Indigenous Veterans Day is observed in Canada on November 8, in recognition of Indigenous contributions to military service, particularly in the First World War, Second World War and the Korean War. National Aboriginal Veterans Day was first observed in Winnipeg on November 8, 1994 and has since spread nationwide.
Indigenous peoples have served in times of war and peace for more than 200 years in the War of 1812 to Afghanistan and continue to serve. For many years, that service was often overlooked and underappreciated.
Learn more about Lieutenant Brant, Maxwell King, Tom Longboat and Mathew Solomon Mandawoub.
It is estimated that more than 7,000 Indigenous people served in the First and Second World Wars and the Korean War, and an unknown number of Inuit, Métis and other Indigenous people also served. Some estimates indicate up to 12,000 may have served in the Canadian Forces in the past century.
Many Indigenous people also currently continue to serve in the Canadian Armed Forces in Canada and on operations around the world. They continue to uphold the proud legacy of service started by past generations.
WHEREAS First Nations, Inuit and Métis peoples have a long and deep history of military service in what we now call Canada. Today, on Indigenous Veterans Day, we commemorate and acknowledge all Indigenous Peoples who have served and continue to serve in the Canadian Armed Forces. They have made and continue to make important contributions within their local communities, from coast to coast to coast, and around the world.
Indigenous participation in support of the military can be traced back to the War of 1812. Following confederation, even though Indigenous Peoples were not considered Canadian citizens, many volunteered to serve in the First and Second World Wars as well as in the Korean War.
More than 12,000 First Nations, Inuit and Métis peoples served in the two world wars, many of them overcoming many challenges such as traveling far distances to enlist, learning new languages and experiencing discrimination, including when they returned to the country they fought for. Despite their loyal service to Canada, Indigenous veterans were denied benefits, lost their Indian Status or had land taken away from them upon returning to Canada.
Today, as many as 2,700 Indigenous Peoples serve in Canadian Armed Forces in operations at home and around the world. We honour and acknowledge their commitment as well as the previous military service of all Indigenous veterans.
Indigenous Veterans Day is observed annually across the country to recognize the legacy, history and significance of Indigenous military service to Canada. The City of Toronto acknowledges the bravery, courage and sacrifices of all veterans who fought for the peace and freedom we enjoy today. We continue to honour Indigenous veterans and commit to a greater understanding of the barriers they face as well as appreciation for their service to Canada.
NOW THEREFORE, I, Mayor John Tory, on behalf of Toronto City Council, do hereby proclaim November 8, 2022 as “Indigenous Veterans Day” in the City of Toronto.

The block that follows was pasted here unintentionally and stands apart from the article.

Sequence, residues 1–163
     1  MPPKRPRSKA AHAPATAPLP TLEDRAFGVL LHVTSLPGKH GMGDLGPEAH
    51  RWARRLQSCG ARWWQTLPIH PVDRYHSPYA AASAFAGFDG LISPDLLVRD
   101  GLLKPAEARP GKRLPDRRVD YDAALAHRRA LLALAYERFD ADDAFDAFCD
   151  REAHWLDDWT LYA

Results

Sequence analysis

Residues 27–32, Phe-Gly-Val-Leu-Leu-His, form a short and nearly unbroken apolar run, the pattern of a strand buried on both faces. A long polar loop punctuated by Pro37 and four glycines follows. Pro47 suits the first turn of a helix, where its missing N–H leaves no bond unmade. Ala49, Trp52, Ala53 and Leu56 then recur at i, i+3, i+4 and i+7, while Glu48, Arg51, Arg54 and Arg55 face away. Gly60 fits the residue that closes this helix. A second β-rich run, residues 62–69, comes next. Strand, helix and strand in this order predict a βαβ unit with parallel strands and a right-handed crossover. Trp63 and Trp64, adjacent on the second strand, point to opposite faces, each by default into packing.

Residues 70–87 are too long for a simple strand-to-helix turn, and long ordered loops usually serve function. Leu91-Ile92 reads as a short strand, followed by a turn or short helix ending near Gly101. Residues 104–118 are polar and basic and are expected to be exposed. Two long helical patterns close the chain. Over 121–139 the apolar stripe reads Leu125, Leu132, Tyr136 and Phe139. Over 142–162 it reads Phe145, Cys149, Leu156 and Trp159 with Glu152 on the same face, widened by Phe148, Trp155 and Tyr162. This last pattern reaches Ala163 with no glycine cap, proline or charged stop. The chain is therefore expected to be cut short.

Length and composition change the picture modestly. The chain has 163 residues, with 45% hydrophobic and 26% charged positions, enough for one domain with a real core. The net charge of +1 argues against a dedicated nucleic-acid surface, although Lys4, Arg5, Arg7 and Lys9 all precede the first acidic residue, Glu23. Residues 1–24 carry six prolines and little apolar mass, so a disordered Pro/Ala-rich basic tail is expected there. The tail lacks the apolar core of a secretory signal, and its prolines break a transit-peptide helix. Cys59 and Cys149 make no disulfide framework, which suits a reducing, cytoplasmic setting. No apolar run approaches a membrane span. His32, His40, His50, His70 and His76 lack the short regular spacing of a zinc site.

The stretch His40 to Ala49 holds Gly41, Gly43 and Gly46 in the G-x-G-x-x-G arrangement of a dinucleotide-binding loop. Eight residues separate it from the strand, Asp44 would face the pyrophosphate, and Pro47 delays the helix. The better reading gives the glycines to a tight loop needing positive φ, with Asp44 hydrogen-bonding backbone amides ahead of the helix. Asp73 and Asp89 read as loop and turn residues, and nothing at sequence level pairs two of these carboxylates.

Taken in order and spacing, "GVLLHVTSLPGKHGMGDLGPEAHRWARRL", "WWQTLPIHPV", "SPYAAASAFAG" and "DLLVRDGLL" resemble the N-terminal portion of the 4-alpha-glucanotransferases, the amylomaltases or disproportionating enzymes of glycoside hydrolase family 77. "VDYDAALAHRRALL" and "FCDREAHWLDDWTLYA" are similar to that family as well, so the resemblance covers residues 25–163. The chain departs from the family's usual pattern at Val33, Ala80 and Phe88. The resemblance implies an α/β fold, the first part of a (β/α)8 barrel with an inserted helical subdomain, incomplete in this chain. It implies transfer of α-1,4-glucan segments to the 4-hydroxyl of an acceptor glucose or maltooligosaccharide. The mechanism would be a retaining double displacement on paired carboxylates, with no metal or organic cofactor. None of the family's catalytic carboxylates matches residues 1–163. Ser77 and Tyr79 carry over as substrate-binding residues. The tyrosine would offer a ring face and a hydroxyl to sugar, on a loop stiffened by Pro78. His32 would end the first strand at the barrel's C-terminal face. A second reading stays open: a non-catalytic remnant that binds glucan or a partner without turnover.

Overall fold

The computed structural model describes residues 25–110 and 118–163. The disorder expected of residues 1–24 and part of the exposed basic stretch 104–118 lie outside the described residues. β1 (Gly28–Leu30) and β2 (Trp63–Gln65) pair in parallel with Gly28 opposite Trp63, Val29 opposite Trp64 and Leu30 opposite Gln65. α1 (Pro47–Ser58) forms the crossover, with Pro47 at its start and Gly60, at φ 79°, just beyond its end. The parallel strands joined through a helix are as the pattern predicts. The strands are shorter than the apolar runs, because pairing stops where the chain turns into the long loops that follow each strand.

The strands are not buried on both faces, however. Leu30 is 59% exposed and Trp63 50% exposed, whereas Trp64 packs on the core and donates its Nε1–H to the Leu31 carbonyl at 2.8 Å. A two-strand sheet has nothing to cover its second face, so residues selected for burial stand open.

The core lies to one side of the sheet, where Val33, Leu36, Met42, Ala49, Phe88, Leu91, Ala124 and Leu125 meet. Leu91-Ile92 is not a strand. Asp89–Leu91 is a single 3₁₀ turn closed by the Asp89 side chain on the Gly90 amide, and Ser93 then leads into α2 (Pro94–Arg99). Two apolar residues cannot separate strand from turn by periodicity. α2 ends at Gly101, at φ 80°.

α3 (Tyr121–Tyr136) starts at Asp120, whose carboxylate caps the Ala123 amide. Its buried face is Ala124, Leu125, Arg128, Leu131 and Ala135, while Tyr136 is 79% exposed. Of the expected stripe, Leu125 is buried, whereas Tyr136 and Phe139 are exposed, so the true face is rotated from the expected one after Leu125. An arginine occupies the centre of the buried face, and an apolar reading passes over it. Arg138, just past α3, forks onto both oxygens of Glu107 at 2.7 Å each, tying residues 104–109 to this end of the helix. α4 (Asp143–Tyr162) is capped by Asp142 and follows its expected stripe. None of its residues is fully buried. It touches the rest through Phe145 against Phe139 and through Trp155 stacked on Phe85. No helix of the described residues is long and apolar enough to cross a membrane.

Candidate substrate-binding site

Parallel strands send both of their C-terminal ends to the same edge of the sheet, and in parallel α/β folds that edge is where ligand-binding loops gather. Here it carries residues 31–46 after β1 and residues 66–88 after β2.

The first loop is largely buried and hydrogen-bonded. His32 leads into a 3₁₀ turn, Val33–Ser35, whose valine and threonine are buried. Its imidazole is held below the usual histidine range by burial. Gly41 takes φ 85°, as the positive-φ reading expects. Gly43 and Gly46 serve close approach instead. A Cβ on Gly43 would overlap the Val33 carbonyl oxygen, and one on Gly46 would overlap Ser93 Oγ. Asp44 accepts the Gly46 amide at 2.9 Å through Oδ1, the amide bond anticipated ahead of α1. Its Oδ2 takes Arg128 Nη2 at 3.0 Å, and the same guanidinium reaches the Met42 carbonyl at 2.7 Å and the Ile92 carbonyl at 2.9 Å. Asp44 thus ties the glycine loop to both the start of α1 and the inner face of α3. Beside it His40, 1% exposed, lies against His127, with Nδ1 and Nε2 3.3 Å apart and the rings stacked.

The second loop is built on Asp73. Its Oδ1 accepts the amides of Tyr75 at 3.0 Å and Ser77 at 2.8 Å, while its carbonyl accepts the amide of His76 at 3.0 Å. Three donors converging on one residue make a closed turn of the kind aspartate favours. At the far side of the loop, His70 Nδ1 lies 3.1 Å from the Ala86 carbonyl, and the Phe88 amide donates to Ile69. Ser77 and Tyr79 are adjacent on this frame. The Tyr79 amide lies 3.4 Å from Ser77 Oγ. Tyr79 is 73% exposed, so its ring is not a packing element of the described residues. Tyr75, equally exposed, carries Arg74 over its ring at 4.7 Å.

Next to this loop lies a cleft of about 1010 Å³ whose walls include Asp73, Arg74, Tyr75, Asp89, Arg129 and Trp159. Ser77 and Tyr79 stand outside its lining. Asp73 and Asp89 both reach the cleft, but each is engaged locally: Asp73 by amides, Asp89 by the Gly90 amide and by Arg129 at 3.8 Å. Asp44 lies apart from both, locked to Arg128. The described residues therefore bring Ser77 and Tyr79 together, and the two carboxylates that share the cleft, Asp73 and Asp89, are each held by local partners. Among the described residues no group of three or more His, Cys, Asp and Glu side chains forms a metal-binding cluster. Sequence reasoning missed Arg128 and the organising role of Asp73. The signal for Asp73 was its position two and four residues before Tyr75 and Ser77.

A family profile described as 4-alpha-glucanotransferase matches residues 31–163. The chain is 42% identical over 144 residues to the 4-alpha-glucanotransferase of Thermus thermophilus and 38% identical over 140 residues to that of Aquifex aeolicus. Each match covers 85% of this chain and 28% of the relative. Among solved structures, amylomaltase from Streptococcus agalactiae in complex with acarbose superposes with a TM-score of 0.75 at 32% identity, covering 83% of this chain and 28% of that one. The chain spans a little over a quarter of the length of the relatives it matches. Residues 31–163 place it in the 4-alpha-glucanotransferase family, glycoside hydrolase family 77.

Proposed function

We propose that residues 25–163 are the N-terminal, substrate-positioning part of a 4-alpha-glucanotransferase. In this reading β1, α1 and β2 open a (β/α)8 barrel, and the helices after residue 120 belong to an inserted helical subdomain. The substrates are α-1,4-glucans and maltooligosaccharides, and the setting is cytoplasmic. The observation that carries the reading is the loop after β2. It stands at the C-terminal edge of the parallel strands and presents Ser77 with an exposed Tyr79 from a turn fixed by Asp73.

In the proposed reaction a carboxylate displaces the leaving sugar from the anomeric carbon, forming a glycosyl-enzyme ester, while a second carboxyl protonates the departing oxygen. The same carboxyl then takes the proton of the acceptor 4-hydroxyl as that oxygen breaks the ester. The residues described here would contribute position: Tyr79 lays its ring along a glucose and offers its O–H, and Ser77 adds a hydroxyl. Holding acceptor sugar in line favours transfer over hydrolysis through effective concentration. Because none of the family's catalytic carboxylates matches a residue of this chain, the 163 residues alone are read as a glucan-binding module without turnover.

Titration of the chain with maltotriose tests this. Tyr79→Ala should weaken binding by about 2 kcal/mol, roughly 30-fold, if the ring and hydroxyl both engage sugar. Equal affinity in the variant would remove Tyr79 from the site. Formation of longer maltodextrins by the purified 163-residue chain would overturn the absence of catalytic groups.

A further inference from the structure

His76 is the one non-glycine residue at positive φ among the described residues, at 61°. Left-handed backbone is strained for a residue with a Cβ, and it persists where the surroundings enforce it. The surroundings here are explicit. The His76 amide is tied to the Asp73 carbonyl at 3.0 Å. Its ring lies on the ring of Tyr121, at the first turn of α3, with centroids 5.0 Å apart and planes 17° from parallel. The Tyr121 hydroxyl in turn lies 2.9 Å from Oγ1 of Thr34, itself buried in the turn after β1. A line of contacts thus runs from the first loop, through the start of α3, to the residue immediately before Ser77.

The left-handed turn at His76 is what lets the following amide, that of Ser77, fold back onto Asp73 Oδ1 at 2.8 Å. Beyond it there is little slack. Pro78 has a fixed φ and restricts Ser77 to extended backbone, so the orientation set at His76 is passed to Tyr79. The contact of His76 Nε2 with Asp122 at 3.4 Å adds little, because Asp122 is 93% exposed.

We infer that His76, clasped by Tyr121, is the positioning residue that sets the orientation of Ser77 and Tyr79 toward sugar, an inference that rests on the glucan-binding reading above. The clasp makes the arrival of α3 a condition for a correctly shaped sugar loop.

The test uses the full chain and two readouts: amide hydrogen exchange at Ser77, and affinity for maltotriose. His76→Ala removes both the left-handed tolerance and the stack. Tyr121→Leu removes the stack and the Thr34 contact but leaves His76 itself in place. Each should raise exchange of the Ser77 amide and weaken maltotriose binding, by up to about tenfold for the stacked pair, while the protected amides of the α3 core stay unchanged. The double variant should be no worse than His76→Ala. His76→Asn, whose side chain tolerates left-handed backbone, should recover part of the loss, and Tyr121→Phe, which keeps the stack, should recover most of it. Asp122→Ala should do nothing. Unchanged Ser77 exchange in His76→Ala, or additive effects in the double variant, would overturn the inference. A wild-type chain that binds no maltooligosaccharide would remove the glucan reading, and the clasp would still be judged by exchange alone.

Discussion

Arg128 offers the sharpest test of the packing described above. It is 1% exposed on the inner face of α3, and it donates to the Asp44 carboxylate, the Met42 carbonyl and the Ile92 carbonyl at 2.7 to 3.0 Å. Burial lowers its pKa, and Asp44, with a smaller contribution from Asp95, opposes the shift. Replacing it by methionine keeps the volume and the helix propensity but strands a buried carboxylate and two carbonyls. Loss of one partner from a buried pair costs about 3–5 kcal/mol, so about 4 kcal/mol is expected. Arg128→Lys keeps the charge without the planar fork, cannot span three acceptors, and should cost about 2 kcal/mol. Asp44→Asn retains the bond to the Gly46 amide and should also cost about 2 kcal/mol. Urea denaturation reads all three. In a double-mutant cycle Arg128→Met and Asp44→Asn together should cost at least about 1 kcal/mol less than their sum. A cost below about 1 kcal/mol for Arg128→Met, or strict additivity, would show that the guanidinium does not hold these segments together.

Beading is a highly developed skill in Indigenous communities. Mnidoomnensag, the Anishinaabemowin word for beads, means “small spirit berries”. Beading was a way of telling a story — intricate and detailed floral designs imbued with ancestral tradition.
Beaded poppies are a relatively new phenomenon, and until recently, were not widely available. These poppies are found on more and more lapels leading to Remembrance Day, as Indigenous and non-Indigenous people seek to honour the service and commemorate the sacrifices of Indigenous soldiers.
For many Indigenous craftspeople, creating beaded poppies is an important way to keep Indigenous heritage alive. Given that Indigenous people weren’t allowed to practice their culture and traditions, it is important for many to undertake beading today.
The handmade poppies — with beads and porcupine quills sewn onto smoked moose hide — commemorate Indigenous members of the military who served in the two world wars and in the Korean War and is very meaningful for Indigenous veterans.
Wearing a beaded poppy is about respect: lest we forget, the service and sacrifices of Indigenous and non-Indigenous soldiers, their shared values and their shared history. The beaded poppy is a source of pride and resilience. It is also an opportunity to have conversations about reconciliation. While beaded poppies honour all veterans, they draw attention to the unique plight of Indigenous people who went to war.
The Royal Canadian Legion has sold beaded poppies beaded by Indigenous artists. In 2022, they introduced a sealskin version made by an Inuk artist. Many local artists create beaded poppies and often direct a portion of the proceeds to veterans’ charities.
On the battlefields, Indigenous soldiers stood side-by-side their Canadian comrades, many serving with distinction. However, the Indigenous soldiers who came home often discovered their wartime contributions were quickly forgotten.
Equals on the battlefield, they couldn’t vote in Canada. In many cases, Indigenous veterans were unable to receive veterans’ benefits. For decades, they were forgotten soldiers.
While the federal government issued an apology in 2003 and compensated many, there are still many Indigenous veterans who have not received these entitlements or have fallen through the cracks.
Many Indigenous veterans were banned from Royal Canadian Legion halls where veterans gathered to socialize, and where they were also able to get advice on post-war benefits. Instead, Indigenous veterans were directed to agents, who didn’t always have their best interests in mind. Some had to give up their rights as status in order to serve.
Veterans Affairs Canada maintains a website with further information on the long and proud tradition of Indigenous military service to Canada which has not always been honoured and recognized.